In Focus: Spanish bank bailout is no instant fix
Spain’s bank sector bailout is a short-term approach to a long-term structural problem, and not a panacea.
The 100 billion euro bailout of Spain’s troubled banking sector, agreed to in a weekend conference call, may be more than double the size of the amount the International Monetary Fund calculated the country’s banks needed to stay afloat. But while the danger of a near-term run on Spain’s banks has been reduced dramatically, the bailout is no panacea, and likely won’t be enough to stop the ripple effects of the European debt crisis from continuing to spread.
Certainly, past bailouts have done little to stem the difficulties of the countries they were designed to aid. Only in Ireland have government bond rates declined relative to the German 10-year bund in the wake of a bailout, as the chart below shows. Greece’s post-bailout woes are now achieving near-legendary status, while the spread between Portugal’s government funding rate and that of Germany has widened significantly over the last year. Bailouts may have provided some short-term relief for the beleaguered euro, but the common currency now trades at levels not seen since just after the initial Greek bailout of late 2010. Eurozone equities, as measured by the Euro Stoxx equity index, are hovering near their post-financial crisis lows.
True, the Spanish bailout is free of onerous terms and conditions of the kind that may cause Greek voters to reject the austerity element of their own bailout package as too oppressive – and that ultimately may lead to “Grexit”, aka that country’s departure from the eurozone. And it’s a bank-targeted bailout, so although structured as a “bailout” – with the money going directly to a Spanish government bailout fund, rather than to the banks themselves – the hope is that the market won’t see this as a sign that the government itself isn’t creditworthy enough to maintain its access to global financial markets at affordable rates.
But the bailout is no panacea – even for the banks themselves. As the chart below illustrates, past bailouts have failed to do more than halt temporarily the steady erosion in the market value of European banks, as reflected in the Euro Stoxx bank equity index. There’s no indication that this latest emergency effort will be any different. And there remains the risk that this could be the first in a series of even larger bailouts required to help keep Madrid’s government finances from dragging the country under; adding 100 billion euros to the country’s national debt isn’t as automatically worrying as it would be in the case of Italy, for instance, given that Spain’s government debt load is less perilously large than that of many other eurozone members. But the country is still heavily reliant on external financing – and investors are proving increasingly reluctant to buy Spanish government securities except at yields north of 6%.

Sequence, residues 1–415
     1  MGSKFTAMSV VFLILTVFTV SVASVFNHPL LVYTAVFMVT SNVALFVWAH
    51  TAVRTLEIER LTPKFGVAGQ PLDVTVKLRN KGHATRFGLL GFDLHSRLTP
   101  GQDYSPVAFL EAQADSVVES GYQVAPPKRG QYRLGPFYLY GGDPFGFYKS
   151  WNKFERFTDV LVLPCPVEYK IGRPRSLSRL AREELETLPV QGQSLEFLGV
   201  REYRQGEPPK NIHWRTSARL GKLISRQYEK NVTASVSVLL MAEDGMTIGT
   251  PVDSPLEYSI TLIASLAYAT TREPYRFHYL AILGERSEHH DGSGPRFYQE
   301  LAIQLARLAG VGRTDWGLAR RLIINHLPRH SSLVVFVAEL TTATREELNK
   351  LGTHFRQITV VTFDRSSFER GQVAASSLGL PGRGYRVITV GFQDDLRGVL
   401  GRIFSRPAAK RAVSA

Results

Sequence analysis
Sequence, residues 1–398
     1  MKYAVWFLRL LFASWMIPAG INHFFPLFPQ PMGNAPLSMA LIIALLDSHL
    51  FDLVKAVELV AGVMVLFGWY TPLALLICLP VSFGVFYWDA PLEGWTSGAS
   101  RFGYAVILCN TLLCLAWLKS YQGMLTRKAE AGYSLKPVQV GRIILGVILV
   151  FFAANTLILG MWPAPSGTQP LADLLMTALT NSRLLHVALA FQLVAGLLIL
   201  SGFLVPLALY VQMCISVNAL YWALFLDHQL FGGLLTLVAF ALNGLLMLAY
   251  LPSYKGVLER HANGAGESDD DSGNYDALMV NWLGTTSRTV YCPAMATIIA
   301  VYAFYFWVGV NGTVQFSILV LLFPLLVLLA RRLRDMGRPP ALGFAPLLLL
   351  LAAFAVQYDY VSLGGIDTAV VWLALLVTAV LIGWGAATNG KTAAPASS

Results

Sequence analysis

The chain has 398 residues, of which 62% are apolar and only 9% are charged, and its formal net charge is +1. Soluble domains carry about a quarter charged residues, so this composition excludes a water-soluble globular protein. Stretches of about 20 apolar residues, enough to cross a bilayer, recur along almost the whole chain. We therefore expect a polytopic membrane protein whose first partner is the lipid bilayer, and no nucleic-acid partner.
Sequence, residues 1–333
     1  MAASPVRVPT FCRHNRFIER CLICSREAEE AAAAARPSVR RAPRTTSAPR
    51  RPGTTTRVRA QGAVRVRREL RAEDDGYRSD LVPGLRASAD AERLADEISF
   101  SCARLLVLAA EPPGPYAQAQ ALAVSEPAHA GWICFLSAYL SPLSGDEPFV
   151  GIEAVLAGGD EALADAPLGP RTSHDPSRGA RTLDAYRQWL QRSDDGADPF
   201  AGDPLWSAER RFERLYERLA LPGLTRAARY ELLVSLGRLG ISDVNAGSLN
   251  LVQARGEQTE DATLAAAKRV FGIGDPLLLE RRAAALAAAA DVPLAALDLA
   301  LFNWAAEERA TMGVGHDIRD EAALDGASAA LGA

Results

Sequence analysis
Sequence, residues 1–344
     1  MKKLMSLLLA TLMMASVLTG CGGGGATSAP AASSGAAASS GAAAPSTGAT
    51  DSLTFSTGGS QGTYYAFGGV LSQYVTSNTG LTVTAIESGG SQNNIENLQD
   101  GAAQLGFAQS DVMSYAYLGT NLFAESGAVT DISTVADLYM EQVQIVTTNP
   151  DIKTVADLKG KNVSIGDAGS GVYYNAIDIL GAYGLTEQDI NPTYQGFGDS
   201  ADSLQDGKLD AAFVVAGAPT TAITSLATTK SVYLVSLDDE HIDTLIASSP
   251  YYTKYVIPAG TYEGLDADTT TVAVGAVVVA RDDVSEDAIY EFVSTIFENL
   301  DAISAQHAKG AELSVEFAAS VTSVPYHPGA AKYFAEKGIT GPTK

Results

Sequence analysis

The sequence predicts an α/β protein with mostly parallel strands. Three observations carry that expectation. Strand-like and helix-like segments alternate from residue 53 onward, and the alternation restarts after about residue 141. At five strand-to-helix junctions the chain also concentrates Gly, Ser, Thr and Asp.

As this analysis from our colleagues at Reuters Breakingviews shows, the risk of Spain being shut out of global financial markets and then being forced by market events to turn to its eurozone partners for a full bailout, has not evaporated. And it isn’t clear that such a massive action would be manageable, given the sheer size of Spain’s economy, particularly if Italy becomes the next domino in the chain to teeter on the verge of collapse.
That uncertainty is the reason any relief rally in response to the apparent solution to Spain’s banking crisis on Monday had largely lost ground by mid-morning in New York. While Asian stock markets began the day with strong gains of around 2% in major indexes, late in the trading day in Europe, Britain’s FTSE 100 was only 0.2% higher, and as of this writing, major US indexes were flat to slightly lower. Yields on Spain’s bellwether 10-year government bonds dipped briefly to just a few basis points above 6% — but then climbed back to close to their previous levels. Another ominous signal is that the FTSE MIB – an indicator of the Italian stock market – was down 2%, a possible sign that market vigilantes are turning their guns on Italy and its precarious economy.
Given the uncertainty surrounding the bailout’s logistics – where will the funding come from? How much will it dilute the holdings of current bank shareholders? – that isn’t surprising. Short-term solutions – especially those that, as the Breakingviews analysis makes clear, are seen as coming late in the day – are unlikely to be welcomed with anything more than a short-term emotional response. When it comes to the eurozone’s future, the jury is still out.
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